I’m in the middle of a one-semester leave, and in addition to working my way through Euclid’s Elements I have really cranked up my reading in anticipation of my return in Fall. I am currently reading Jo Boaler’s Mathematical Mindsets.
I was happy to see that she supports my beliefs that student learning increases when students participate in the discovery of concepts as well as when students reflect on their learning. These have been two areas of emphasis for me as I develop my teaching philosophy, and it is always encouraging to hear from others who feel the same way.
My upcoming presentations at ICTCM in Atlanta and NADE in Anaheim will focus on these ideas. I will preview those talks as the conferences get closer, and will share my thoughts on Mathematical Mindsets once I finish.
One thing I like to do in class is end with a short assignment to see how well students understand the material from that section. There are a couple of short quizzes that are available in the 4th edition of my combined elementary & intermediate algebra textbook.
First, in the Video Notebook (located for students inside MyMathLab) each section of the notebook ends with a 5-question self-assessment quiz that works really well for this purpose. I selected 5 problems that I feel cover the important concepts from that section. If you have access to a computer projector you can easily display the problems on the screen, but you can also write them on the board. Depending on the amount of time I have at the end of class I might ask students to volunteer to share their solutions on the board or I might simply write down the correct answers. Other times I collect them and grade them by hand.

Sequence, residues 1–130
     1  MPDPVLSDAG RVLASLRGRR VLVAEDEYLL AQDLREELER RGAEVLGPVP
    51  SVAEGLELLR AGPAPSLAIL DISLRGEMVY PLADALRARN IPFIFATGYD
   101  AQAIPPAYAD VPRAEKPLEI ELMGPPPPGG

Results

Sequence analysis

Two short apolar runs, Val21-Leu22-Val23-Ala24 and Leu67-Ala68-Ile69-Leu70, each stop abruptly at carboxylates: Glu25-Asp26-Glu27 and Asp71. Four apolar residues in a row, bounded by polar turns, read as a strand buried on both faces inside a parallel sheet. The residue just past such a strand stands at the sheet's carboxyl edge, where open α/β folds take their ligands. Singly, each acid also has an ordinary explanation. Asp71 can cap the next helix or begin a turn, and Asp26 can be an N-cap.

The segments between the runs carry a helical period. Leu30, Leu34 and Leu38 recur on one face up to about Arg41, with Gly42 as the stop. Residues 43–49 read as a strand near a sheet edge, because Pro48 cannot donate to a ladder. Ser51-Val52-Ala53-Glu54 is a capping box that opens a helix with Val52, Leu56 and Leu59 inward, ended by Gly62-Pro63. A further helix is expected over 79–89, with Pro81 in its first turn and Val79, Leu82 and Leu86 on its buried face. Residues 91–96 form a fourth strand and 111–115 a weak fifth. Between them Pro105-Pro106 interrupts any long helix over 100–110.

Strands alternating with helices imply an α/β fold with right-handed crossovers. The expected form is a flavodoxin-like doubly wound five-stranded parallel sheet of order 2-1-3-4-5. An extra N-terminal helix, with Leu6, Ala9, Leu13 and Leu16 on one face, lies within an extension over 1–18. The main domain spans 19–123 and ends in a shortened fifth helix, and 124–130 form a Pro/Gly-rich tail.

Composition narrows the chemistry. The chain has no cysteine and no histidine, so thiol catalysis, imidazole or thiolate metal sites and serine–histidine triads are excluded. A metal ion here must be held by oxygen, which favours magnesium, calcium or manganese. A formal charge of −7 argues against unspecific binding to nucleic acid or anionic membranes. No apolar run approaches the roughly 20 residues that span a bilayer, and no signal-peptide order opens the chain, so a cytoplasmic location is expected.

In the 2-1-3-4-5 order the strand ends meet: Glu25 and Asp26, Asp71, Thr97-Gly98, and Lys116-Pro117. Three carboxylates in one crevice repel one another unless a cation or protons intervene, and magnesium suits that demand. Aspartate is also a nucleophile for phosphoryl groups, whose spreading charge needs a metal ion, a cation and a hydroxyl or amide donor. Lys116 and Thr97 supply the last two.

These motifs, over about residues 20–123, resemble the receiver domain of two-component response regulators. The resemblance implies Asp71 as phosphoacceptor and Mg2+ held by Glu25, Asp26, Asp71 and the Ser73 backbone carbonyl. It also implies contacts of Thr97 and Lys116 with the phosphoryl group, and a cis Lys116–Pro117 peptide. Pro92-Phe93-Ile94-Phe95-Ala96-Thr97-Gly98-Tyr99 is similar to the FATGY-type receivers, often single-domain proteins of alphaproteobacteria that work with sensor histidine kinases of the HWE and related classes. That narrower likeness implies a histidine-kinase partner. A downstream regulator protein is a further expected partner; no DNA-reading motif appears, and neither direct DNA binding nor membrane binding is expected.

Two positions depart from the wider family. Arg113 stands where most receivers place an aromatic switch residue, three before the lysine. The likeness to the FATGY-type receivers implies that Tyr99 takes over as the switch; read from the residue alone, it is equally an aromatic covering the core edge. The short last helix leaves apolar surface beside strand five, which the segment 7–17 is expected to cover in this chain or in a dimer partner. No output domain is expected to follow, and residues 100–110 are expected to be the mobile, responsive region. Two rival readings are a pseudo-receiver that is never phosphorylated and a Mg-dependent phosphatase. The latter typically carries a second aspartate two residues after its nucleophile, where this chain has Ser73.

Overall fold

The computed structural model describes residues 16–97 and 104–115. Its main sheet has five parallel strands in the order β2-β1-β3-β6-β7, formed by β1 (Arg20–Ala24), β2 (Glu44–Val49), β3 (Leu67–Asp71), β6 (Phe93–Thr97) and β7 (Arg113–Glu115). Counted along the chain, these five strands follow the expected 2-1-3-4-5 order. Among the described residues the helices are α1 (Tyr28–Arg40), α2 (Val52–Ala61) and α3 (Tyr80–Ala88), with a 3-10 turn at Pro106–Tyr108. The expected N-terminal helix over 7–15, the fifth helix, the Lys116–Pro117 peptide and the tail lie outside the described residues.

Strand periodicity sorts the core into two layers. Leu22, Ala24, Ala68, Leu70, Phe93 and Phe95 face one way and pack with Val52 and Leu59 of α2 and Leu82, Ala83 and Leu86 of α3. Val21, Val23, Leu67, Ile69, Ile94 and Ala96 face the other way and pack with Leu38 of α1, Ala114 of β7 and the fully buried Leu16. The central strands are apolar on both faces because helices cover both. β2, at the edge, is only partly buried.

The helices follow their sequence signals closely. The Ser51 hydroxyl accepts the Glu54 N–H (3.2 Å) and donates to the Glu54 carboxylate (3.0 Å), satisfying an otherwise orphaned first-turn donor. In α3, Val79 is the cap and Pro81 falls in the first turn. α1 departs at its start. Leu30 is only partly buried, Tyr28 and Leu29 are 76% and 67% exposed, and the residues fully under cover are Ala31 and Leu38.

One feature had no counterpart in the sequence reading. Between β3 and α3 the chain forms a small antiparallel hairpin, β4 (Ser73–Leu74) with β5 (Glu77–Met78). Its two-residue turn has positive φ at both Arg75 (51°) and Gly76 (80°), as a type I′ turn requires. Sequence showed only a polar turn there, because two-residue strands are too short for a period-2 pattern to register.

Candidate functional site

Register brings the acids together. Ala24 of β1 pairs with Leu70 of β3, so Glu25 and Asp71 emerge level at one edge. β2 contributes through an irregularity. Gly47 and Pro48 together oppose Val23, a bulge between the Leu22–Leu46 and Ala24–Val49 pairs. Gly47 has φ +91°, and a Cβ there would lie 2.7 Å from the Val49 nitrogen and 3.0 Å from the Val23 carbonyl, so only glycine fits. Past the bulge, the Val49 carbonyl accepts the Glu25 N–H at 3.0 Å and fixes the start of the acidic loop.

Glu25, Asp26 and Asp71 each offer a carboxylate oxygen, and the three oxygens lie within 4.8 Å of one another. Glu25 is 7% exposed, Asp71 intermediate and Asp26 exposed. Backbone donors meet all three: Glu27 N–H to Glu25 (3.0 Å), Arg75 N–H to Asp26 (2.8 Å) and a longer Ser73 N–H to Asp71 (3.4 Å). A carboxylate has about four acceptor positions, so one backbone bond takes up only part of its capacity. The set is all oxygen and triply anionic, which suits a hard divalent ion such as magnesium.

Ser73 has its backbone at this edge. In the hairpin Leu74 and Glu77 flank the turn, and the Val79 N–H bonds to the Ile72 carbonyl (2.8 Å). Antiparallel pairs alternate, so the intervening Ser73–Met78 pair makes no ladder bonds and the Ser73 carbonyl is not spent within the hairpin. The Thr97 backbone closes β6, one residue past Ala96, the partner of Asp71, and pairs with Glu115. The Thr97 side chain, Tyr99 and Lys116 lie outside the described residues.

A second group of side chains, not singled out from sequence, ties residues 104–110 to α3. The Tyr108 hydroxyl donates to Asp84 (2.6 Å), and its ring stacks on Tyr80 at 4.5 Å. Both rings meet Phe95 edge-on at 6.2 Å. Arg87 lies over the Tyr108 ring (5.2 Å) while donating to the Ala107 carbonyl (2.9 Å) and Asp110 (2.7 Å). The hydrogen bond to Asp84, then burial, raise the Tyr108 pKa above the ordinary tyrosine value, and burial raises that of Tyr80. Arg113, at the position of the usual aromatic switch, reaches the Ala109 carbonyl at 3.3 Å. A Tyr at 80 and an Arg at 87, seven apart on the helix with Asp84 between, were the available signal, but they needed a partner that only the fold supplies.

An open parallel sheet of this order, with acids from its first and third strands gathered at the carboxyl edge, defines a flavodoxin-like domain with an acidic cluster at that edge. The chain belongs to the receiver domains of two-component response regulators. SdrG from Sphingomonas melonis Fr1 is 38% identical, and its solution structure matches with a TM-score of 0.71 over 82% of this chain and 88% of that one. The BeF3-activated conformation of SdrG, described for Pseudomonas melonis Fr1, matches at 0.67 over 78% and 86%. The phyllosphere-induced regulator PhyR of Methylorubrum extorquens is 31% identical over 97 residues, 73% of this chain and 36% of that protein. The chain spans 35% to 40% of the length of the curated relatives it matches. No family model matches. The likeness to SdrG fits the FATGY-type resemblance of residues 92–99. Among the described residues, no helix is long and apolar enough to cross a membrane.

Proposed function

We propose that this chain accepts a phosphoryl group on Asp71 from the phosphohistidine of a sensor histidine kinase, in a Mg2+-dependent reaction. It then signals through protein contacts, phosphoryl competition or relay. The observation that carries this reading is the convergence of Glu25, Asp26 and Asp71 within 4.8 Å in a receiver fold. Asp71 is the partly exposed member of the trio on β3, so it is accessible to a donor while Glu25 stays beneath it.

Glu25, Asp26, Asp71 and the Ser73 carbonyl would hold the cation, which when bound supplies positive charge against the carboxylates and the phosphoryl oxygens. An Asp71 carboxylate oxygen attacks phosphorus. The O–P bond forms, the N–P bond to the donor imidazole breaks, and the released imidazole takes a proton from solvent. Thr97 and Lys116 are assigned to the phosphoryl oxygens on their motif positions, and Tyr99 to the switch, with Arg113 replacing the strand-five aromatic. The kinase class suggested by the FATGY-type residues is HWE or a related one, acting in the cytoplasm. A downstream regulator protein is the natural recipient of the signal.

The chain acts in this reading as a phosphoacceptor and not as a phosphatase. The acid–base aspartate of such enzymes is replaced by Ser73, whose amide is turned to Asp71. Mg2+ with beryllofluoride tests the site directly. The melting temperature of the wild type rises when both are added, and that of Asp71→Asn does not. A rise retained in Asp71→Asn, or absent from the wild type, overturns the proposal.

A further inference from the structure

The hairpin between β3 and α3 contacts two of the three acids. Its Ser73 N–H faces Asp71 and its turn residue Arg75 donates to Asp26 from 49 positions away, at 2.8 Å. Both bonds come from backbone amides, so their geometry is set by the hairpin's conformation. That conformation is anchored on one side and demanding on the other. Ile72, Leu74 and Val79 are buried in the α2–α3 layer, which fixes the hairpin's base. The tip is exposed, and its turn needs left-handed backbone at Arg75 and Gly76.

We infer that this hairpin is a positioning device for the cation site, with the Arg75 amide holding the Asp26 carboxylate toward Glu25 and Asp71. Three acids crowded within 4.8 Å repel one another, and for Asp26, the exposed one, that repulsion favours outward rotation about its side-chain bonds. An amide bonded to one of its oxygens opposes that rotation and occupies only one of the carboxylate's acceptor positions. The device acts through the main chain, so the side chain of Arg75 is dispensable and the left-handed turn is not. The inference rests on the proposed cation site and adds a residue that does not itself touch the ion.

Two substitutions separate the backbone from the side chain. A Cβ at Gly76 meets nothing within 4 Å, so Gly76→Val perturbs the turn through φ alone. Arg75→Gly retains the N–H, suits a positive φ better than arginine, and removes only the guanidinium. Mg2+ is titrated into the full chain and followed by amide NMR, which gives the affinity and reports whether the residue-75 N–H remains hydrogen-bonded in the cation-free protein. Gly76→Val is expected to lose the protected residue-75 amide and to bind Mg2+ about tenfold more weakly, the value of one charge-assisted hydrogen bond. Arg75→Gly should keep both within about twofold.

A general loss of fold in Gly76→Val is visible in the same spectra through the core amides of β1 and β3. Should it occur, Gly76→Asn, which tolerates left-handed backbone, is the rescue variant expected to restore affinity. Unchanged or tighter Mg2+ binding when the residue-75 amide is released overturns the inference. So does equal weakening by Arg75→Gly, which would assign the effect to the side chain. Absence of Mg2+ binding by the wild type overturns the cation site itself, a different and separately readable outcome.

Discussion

Another similar 5-question quiz can be found in the Instructor Resource Manual, which is located inside of MyMathLab under “Instructor Resources.” These 5 questions are different that the questions mentioned above, but they can be used in the same fashion.
These quizzes are similar to the 5-question “Reflect Quizzes” that are built in to MyMathLab which are assignable & associated with a personalized homework assignment.
If you have any questions about these ideas, either leave a comment or reach out to me through the Twitter, Facebook, or Email links at the top of the blog – George